What do fleas eat? It is an interesting question where the answer depends on what life stage they are in. The flea has four different life stages; egg, larva, pupa, and biting adult. The egg is laid, and then hatched as larva. The larva do not eat blood like the adult flea they eat skin cells, flea droppings, dead animals, feces or any other organic matter they can find. The reddish dust that you may see on your pet is the debris from adult fleas; it is the droppings tainted with the blood of your pet (that is why it is reddish in color)
After about two weeks the larva spin a cocoon around themselves using pieces of dirt, debris, and hair as camouflage. If they have access to plenty of food, they will come out of their cocoon in one week after spinning the cocoon. If food is not plentiful they can stay in their cocoon for up to one year. The flea larva and the adult fleas have totally different eating patterns.
Once the adult female flea comes out of her cocoon she must eat before she can reproduce or she will die without ever laying an egg. After she has eaten she can lay up to 20 eggs totaling 500 eggs in her lifetime. This is the reason they are so hard to get rid of!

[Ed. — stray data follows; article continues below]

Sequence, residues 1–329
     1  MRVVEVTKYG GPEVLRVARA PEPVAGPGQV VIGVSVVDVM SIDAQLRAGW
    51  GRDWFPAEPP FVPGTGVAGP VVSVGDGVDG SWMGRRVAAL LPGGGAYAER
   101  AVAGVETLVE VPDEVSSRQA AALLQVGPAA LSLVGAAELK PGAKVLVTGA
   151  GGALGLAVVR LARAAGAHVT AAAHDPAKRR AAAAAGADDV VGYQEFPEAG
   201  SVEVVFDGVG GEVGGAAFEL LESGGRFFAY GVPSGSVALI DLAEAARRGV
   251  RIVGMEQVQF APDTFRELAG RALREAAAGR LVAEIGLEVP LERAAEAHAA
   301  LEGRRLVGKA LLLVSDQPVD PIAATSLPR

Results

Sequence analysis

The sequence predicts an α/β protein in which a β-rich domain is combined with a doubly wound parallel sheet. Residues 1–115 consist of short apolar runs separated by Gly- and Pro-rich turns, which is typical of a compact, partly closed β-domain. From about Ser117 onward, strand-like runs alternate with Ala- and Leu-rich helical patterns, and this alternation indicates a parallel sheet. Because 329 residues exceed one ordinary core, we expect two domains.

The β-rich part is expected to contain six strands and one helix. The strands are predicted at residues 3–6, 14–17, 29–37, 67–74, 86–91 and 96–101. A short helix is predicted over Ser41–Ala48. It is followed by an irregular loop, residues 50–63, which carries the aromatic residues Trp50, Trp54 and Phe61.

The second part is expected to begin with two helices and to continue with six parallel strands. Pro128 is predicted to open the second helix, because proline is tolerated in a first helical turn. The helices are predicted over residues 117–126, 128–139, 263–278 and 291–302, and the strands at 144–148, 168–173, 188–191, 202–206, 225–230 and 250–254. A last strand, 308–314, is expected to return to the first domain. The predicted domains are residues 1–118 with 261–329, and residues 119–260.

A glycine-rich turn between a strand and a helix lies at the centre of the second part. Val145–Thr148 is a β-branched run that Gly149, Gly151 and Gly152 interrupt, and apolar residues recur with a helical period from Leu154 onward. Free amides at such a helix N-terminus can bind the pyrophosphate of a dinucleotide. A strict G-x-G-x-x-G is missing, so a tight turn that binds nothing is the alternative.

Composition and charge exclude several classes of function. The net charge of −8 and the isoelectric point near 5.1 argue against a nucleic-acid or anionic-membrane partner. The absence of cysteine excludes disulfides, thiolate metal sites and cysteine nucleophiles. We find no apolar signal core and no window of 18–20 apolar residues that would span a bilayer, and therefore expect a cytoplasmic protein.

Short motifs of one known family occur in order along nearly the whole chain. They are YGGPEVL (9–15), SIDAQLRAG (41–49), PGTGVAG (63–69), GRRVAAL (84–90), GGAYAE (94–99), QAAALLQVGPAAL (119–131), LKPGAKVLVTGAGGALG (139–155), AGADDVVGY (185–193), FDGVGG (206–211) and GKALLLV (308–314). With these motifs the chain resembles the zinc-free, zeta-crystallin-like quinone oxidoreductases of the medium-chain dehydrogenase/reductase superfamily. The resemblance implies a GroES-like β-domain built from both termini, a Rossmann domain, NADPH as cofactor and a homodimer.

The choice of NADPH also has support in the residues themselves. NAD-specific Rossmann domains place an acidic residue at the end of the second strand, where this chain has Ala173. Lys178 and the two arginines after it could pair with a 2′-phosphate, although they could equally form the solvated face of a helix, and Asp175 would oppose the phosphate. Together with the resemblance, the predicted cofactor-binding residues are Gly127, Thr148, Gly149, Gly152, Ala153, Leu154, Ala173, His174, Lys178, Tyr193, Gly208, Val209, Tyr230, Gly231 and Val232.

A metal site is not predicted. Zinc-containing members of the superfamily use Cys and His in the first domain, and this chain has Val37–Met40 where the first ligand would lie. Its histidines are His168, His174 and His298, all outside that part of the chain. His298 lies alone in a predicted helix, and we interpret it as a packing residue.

The adult flea feeds on the blood of their host. The host can be any warm blooded animal including humans. Fleas tend to prefer animals to humans because they like to hide in the fur of the animal. Fleas are equipped with the perfect mouth parts for harvesting the blood of their hosts. They pierce the skin of their host and inject an anti- blood clotting saliva. This enables them to feed with ease. A female flea will eat up to 15 times its weight in blood daily, but can go more than 100 days without a meal.